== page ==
What, A Giant Beaver? Using imagery to share Wolastoqiyik knowledge with publics in Wolastokuk

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University of New Brunswick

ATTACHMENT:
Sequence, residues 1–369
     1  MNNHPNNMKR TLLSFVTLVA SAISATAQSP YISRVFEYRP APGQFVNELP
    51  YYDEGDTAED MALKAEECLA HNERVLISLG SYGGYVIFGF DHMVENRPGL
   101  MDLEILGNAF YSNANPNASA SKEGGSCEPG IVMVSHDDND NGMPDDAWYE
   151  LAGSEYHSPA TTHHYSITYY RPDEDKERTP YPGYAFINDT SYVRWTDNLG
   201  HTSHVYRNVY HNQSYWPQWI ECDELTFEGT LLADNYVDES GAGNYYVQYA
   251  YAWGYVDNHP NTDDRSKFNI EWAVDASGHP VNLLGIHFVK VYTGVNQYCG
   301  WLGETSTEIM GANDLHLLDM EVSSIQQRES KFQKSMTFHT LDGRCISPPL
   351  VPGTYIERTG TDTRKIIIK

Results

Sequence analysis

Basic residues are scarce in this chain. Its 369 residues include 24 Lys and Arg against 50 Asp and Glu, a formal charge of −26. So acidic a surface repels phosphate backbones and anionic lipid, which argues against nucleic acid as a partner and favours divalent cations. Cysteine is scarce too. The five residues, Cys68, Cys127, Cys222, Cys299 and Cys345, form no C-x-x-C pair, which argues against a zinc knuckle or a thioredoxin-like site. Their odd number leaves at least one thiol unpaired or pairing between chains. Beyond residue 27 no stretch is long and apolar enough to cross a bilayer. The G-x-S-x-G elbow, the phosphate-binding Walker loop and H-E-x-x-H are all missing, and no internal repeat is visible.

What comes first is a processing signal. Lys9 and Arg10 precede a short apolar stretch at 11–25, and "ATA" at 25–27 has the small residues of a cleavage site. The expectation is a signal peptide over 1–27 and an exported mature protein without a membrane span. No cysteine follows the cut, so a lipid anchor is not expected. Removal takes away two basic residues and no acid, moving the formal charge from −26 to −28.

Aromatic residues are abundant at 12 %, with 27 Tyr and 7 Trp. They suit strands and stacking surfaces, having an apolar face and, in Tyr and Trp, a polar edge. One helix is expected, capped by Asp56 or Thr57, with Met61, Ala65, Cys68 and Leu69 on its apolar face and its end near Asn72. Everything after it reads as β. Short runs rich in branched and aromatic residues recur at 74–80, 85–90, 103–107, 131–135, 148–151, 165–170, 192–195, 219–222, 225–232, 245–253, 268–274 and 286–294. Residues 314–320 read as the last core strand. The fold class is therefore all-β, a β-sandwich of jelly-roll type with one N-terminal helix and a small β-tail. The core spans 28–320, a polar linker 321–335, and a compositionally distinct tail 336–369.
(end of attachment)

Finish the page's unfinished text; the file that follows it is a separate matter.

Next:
Wolastoqiyik (Maliseet) traditional knowledge, in particular stories, legends, or fables, has been passed on for hundreds of generations, and up until modern times, it was mostly done orally. My critical introduction to my thesis describes the depiction of one Wolastoqey Glooscap story. Glooscap has many different spelling variations, for example, Kluscap, Gluskabi, Kloskomba, Gluskab, Glooskap, and Koluscap. I use Glooscap, as that is the way I know. Glooscap is a cultural hero who, with his relatives, are vital characters in shaping the land and taming the animals of the Maritimes, Quebec, and parts of the United States. He can be associated with the Wolastoqiyik, Mi'kmaq, Passamaquoddy, Abenaki, and Penobscots peoples. My critical introduction to my thesis seeks to demonstrate a correlation between the ecological changes my ancestors had lived through and the story about these changes. This story has survived for thousands of years. The environmental changes I explore include a former ice dam formed thousands of years ago at the mouth of the Wolastoq. I also highlight changes in animal life as giant beavers that roamed this territory, who were distant relatives of modern-day beavers. Referencing maps and archeological data, I show how these ecological changes directly relate to the Wolastoqey story about Glooscap and this Giant Beaver that roamed these lands. Within this critical introduction to my creative thesis, I share my creative process to make visible to readers how my final painting has been shaped. My creative thesis depicts my vision of the Wolastoqey story, Glooscap and the Giant Beaver. The final piece is a 24x8 foot acrylic painting that will be added to the City of Fredericton's permanent collection and displayed indefinitely at Fredericton's International airport. The piece's intended purpose is to help educate people from all walks of life about the original inhabitants of the area, the Wolastoqiyik, and how one story displays their deep connection to the land they have lived on for thousands of years. The story and the Wolastoqiyik will help all people who inhabit this area connect to the land themselves as they hopefully understand how the lands had been shaped and how the Wolastoqiyik (the people of the beautiful and bountiful river) had chronicled how it happened.